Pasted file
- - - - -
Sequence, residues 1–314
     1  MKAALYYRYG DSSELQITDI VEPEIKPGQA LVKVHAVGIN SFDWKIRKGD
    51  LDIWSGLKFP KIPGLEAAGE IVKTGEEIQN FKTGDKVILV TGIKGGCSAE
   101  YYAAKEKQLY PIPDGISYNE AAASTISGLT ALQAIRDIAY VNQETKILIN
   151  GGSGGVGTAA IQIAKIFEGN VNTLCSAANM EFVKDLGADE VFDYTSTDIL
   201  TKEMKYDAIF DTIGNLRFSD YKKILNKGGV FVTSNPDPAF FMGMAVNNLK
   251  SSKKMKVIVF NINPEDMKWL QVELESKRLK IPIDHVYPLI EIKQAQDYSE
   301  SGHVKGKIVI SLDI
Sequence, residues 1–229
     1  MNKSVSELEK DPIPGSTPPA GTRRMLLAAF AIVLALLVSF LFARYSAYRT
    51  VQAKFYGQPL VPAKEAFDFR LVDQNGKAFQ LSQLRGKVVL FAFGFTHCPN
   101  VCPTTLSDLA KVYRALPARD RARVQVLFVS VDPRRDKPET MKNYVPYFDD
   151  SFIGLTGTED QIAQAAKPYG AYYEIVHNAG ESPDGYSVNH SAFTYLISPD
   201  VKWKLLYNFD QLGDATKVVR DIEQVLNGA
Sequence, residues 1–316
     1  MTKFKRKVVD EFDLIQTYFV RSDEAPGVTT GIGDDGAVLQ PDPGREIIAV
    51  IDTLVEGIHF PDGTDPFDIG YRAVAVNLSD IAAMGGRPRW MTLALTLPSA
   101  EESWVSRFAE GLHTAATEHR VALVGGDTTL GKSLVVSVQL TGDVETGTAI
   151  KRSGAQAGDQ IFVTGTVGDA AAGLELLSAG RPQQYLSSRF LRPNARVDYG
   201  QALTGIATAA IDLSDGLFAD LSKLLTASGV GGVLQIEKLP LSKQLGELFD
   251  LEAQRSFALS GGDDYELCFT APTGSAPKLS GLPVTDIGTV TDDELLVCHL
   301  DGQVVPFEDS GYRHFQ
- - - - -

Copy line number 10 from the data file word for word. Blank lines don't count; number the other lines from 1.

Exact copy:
     1  MNKSVSELEK DPIPGSTPPA GTRRMLLAAF AIVLALLVSF LFARYSAYRT